Integrating palliative care and ICU
14th June 2022
A recent article in Intensive Care Medicine has highlighted the need to develop a consensus and disseminate skills and training in order to provide high quality care in intensive care units (ICUs).
From the inception of the intensive care unit (ICU), end-of-life care has always been delivered in this setting due to the high severity of illness of the patients. But over time there has been an important distinction drawn between the primary palliative care that is provided by any clinician caring for a patient with life-threatening illness and the specialty palliative care provided by those with specialty training in palliative care.
Approaches have evolved including: primary palliative care provided by ICU; palliative care provided by specialist palliative care teams; and a mixed approach combining both aspects.
Successful use of the mixed model depends on successful interprofessional collaboration between the ICU and palliative care teams when supporting individual patients and their families. There is some evidence that incorporating palliative care specialists to run one or two family meetings without full integration with the ICU team provides no benefit and may even result in increased post-traumatic stress for family members. Triggers for palliative care consultation often focus on risk of mortality but this may not correlate with unmet palliative care needs.
The best approach for how patients’ and families’ palliative care needs are met and how primary and specialty palliative care are integrated will vary from ICU to ICU, but the functions of providing high-quality palliative care to critically ill patients and their families are universal.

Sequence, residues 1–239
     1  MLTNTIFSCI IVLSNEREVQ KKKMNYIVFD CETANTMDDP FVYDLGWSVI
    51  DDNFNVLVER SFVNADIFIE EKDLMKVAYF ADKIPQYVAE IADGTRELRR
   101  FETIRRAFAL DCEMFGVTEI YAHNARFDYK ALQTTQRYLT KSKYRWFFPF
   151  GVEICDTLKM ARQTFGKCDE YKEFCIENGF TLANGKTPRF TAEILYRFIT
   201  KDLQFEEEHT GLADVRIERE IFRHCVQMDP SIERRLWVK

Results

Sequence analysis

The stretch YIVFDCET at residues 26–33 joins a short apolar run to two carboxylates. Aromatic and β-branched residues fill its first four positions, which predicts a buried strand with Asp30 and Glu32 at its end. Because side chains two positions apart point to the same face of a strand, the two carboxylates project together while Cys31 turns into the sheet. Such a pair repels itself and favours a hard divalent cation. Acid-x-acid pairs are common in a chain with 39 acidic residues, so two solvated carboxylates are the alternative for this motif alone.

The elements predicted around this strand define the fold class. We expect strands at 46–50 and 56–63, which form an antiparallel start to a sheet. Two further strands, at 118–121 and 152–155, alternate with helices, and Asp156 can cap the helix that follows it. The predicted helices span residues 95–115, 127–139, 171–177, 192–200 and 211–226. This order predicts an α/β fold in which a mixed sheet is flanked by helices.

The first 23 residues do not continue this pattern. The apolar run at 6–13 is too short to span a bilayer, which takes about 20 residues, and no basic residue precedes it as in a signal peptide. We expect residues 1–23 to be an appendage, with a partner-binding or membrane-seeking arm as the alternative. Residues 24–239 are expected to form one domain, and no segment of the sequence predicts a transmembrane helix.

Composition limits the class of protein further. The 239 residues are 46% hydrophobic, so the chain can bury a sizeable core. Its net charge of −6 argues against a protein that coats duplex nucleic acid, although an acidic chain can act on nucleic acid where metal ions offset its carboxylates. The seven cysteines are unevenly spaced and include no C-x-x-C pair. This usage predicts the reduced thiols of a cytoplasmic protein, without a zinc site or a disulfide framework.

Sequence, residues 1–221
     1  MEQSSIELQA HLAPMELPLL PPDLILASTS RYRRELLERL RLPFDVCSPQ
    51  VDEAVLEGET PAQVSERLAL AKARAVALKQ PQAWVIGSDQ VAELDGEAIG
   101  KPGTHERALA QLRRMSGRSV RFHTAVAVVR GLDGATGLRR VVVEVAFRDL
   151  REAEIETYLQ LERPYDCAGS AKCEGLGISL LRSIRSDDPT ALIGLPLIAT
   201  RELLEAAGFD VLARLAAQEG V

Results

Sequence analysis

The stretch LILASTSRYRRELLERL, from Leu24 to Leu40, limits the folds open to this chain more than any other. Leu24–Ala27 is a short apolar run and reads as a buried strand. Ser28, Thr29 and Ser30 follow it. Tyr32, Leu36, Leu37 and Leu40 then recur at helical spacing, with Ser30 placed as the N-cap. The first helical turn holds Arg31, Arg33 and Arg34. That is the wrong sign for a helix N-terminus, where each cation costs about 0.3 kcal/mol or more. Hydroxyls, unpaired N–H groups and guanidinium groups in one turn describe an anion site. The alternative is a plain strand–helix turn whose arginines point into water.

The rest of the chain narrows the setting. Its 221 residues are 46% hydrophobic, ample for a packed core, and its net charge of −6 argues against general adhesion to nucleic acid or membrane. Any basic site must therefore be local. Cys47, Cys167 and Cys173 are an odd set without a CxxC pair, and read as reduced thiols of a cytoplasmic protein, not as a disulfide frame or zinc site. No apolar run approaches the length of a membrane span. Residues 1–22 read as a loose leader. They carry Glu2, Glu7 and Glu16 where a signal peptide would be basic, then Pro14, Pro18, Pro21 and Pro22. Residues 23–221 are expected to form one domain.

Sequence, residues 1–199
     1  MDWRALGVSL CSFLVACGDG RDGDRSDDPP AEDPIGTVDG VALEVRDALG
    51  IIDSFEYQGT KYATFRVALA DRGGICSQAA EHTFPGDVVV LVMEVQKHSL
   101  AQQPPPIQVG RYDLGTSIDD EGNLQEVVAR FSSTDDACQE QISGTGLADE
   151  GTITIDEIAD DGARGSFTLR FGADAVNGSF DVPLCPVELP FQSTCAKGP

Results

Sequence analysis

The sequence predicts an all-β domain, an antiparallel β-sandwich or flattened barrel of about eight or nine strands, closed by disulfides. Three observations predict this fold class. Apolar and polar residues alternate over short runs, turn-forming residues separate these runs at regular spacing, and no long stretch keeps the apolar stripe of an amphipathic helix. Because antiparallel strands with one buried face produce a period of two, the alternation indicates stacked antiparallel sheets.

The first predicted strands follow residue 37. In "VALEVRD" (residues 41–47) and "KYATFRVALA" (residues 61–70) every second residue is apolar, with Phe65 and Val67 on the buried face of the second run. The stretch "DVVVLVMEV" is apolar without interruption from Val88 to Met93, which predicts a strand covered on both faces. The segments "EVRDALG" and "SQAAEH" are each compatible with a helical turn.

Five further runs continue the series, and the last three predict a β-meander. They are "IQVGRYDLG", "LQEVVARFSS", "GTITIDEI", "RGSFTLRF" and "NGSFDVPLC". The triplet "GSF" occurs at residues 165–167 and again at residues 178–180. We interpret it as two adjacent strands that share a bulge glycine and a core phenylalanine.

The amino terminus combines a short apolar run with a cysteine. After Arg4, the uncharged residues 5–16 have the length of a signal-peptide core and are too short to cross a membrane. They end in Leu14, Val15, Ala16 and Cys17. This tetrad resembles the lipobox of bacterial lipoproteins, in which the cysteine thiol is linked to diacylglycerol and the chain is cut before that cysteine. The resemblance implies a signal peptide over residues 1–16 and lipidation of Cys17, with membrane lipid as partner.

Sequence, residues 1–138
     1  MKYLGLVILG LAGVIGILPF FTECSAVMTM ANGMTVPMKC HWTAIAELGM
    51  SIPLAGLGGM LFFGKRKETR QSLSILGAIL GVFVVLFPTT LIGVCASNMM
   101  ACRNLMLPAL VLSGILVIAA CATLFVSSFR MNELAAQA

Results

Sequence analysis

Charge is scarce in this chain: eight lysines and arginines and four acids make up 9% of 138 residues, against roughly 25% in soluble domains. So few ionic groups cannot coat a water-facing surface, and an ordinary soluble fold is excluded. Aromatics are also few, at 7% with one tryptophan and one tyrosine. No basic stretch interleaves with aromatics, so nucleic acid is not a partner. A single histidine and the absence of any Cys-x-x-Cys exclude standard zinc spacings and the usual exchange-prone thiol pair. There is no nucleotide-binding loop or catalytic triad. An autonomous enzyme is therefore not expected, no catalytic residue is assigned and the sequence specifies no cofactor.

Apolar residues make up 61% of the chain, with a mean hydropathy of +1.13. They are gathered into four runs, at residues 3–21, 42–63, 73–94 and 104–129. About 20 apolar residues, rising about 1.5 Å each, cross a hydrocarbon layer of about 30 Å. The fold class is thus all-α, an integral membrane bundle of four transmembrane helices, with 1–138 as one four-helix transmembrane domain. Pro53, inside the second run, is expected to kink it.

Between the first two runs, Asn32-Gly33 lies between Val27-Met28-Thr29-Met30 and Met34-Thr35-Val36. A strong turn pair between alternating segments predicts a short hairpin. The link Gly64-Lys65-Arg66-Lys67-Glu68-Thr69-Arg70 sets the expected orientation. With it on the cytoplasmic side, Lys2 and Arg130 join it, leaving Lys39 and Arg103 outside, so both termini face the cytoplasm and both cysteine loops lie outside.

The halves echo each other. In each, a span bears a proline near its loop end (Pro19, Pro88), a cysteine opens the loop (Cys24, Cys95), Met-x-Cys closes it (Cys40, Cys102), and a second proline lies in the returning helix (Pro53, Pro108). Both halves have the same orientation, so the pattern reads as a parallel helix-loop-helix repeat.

The authors make 3 recommendations:
ICU clinicians, including physicians, nurses, and others, need training and experience in primary palliative care skills relevant in the ICU. Such skills include symptom assessment and management, parallel planning for diverse outcomes, communication with and support for critically ill patients and their families, and shared decision-making with patients and families that is inclusive of the interprofessional team. It is important to implement efficient and effective ways to identify those patients and family members who would benefit most from specialty palliative care.
Curtis, J.R., Higginson, I.J. & White, D.B. Integrating palliative care into the ICU: a lasting and developing legacy. Intensive Care Med (2022). https://doi.org/10.1007/s00134-022-06729-7